When The Coca-Cola Co branched into alcohol in 2018, the move made headline news. The chuhai drink, under the brand name Lemon-dou, was designed to tap into the growing demand in the country for spirit-and-soda RTDs. Recently, the group announced that Lemon-dou’s sales are projected to reach 67.2m litres by the end of this year, demonstrating the brand has successfully grown to become one of Japan’s key flavoured alcohol beverages.
In Japan, chuhai, a spirits-based pre-mix with shochu or vodka and carbonated water, typically has a variety of flavours. Lemon is one of the most common, symbolised by chuhai being also known in the market as ‘lemon sour’. According to Coca-Cola, Lemon-dou’s regular SKU – the brand has four variants – has been the largest in terms of value sales share in the lemon sour category between January and September this year.
Before the arrival of Lemon-dou, Japan witnessed a rise in prominence of the lemon sour trend, with Suntory’s Kodawari Sakaba no Lemon Sour (Kodawari Sakaba means ‘Connoisseur’s Bar’) a notable example. Suntory’s brand has performed significantly well, with sales reaching 58.7 m litres in 2019 following its launch in March of that year.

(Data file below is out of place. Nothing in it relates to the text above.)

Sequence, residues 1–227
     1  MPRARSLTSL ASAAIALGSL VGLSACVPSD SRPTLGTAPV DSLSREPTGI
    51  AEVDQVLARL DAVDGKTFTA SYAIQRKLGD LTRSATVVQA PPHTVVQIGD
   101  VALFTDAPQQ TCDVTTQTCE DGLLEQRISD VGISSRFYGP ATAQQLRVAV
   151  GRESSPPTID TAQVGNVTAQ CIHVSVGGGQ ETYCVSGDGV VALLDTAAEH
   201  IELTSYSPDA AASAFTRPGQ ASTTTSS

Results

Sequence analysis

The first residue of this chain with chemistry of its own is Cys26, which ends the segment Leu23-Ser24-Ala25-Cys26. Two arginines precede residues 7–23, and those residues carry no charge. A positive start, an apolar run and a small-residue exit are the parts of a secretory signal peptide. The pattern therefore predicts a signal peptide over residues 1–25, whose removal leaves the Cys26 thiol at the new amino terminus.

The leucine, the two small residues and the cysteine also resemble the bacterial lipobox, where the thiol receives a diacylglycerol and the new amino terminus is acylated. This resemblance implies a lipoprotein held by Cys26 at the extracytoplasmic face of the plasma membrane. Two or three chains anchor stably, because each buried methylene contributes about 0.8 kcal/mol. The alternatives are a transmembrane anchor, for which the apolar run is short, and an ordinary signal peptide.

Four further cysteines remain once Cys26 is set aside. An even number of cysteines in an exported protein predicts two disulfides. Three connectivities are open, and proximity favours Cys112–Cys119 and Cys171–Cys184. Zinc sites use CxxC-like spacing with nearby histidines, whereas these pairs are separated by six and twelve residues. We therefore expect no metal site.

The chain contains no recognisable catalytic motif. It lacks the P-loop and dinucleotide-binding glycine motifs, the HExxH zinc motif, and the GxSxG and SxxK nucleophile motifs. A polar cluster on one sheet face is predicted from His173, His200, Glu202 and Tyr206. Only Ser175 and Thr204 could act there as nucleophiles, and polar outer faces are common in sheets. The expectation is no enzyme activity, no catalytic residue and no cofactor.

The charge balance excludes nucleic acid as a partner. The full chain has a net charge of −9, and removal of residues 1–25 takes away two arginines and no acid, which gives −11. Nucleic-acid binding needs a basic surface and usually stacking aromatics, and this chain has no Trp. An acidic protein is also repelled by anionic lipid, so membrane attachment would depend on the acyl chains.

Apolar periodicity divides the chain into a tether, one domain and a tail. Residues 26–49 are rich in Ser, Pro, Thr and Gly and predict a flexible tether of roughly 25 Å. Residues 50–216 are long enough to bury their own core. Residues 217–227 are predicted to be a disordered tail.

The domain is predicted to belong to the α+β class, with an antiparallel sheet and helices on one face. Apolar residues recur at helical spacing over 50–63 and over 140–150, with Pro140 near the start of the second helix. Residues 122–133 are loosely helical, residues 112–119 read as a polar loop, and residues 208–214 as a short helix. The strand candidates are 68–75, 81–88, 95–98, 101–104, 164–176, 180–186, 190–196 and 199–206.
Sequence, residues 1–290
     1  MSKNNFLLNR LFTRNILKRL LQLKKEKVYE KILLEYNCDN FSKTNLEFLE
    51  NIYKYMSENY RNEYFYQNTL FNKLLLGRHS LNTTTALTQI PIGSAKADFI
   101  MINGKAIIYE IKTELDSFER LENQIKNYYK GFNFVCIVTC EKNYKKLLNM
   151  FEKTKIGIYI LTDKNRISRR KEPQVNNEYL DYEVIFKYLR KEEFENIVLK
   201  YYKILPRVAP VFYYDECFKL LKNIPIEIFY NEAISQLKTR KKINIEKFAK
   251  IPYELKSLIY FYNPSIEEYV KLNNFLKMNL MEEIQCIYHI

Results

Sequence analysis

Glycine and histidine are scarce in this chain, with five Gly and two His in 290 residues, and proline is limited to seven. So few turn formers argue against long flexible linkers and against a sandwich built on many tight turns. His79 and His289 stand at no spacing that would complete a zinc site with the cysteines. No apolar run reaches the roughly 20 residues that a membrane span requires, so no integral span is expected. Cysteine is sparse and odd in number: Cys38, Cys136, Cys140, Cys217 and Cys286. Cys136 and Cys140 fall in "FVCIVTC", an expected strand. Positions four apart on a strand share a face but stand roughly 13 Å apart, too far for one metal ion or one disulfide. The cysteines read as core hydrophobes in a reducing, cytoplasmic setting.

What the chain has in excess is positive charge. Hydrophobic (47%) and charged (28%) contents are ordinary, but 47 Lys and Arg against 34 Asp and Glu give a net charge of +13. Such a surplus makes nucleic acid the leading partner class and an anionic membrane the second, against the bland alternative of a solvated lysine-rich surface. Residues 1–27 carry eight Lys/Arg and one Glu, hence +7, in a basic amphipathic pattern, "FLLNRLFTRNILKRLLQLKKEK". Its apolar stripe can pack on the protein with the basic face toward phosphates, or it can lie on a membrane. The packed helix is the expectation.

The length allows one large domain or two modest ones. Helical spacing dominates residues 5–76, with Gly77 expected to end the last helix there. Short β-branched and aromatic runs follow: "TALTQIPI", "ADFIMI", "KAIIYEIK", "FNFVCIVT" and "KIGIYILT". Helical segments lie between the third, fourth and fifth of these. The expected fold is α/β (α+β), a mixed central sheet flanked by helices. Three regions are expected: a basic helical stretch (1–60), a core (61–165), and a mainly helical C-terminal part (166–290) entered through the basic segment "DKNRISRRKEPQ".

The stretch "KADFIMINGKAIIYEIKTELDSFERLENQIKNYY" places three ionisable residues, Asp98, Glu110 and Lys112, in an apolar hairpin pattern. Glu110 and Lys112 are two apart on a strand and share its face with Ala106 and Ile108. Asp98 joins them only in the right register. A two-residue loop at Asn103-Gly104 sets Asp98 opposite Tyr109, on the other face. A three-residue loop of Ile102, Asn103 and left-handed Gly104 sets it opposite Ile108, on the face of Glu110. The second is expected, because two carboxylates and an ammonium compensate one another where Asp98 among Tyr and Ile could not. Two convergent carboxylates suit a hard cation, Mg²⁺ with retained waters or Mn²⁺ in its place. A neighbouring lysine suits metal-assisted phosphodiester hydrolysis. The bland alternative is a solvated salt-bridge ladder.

Although Lemon-dou was launched in Japan in 2018, Coca-Cola engaged in market testing in the Kyushu region for around a year before moving on to a national launch in October last year. The brand has subsequently become both a big name in its own right in the lemon sour category and a serious rival to Suntory.
Why is lemon sour, a well-established flavour, so popular in Japan? Lemon-dou and Kodawari Sakaba brands are common in their quality focus: Both offer quality ingredients as well as the “perfect” blend of ingredients that can be served in a bar.
In Japan, flavoured alcohol beverages (FABs) are popular among younger consumers, such as Millennials, yet Lemon-dou and Kodawari Sakaba also target consumers in their 30s and above. Older Millennials and Generation X consumers are their specific main target.
Interestingly, both brands present themselves as ‘traditional’ – perhaps even old-fashioned – in brand image. This positioning, coupled with a focus on a good lemon flavour, seems to resonate not only with consumers entering legal drinking age but also with older cohorts, such as Baby Boomers.
This wide appeal is strategically important given that Japan continues to age, population-wise.
Overall, lemon sour looks set to be a key trend to watch in 2021. Japan is the world’s second-largest FAB market, and the market is relatively mature. However, the country continues to deliver new and unique innovations.
Given that RTD and pre-mixed cocktails are a hot category in Western markets, observing Japanese trends and innovations could help predict the future elsewhere.